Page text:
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Writer Mary Finley turns serendipitous encounters into award-winning fiction

“When a story comes, it bursts into my mind and I grab it,” says writer Mary Finley.

When it comes to writing, Mary Finley, BA English ’64, is convinced of one thing: “You have to write that to which you are entitled.” For Finley, that translates into serendipitous story encounters that span decades.

She recalls the time a full-grown cougar stared at her as it crossed in front of her car on a mountain highway. Arriving home, Finley resurrected a 10-year-old manuscript about a cougar cub from a desk drawer and polished it for publication. Another time, as she camped alongside the Platte River, she was delivered the phrase “The night was too silent,” which was the first line in her book Soaring Eagle. “I was lying under the cottonwoods and heard those words in my head. It sounded like the beginning of a story, but I had no idea what the story was about.”

Writing fiction for middle school and young-adult readers is a challenge that Finley accepts with personal conviction and ferocity. “When a story comes, it bursts into my mind and I grab it,” she says.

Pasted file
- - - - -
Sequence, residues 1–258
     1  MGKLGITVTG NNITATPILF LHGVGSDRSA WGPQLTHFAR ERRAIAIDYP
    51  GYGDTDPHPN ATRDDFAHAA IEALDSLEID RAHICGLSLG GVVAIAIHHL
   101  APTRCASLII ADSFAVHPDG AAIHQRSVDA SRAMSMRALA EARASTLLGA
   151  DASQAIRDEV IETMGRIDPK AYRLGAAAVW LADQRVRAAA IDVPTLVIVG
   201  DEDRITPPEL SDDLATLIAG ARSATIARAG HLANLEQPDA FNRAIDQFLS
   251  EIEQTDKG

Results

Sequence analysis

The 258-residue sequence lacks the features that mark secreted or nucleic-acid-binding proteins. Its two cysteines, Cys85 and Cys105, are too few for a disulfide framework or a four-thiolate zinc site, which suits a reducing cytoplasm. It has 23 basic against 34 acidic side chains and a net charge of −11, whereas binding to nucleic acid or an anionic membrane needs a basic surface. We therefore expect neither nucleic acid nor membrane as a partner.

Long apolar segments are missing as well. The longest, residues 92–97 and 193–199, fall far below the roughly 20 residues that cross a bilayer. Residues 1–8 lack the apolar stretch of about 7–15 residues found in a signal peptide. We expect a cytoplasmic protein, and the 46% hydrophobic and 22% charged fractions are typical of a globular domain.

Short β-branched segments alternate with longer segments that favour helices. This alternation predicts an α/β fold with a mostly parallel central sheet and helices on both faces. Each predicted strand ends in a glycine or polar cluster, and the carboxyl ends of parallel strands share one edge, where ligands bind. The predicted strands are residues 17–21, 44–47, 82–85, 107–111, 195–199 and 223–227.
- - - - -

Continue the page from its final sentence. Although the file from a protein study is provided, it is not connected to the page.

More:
Using childhood memories of growing up in Southern Colorado near Bent’s Fort on the Old Santa Fe Trail as a springboard, Finley wrote her award-winning Santa Fe Trail trilogy—Soaring Eagle, White Grizzly and Meadow Lark.

Finley also draws on research she compiled for the PBS series “Wild America,” where she was a scriptwriter, as material for her novels.

Seven years after graduation from DU, Finley began to write fiction, an exploration that has become the driving force in her life. It took her 10 years to get published, but persistence has paid off with nine published books and awards from publishers, peers and readers. Finley’s most recent novel, Meadow Lark, was honored with the 2004 Colorado Book Award for young adult fiction.

Finley’s current work-in-progress is a contemporary novel for older teens set in Colorado and New Mexico. Ideas
for other novels are waiting their turn in line. “It’s like I’m holding back a dam,” Finley says.

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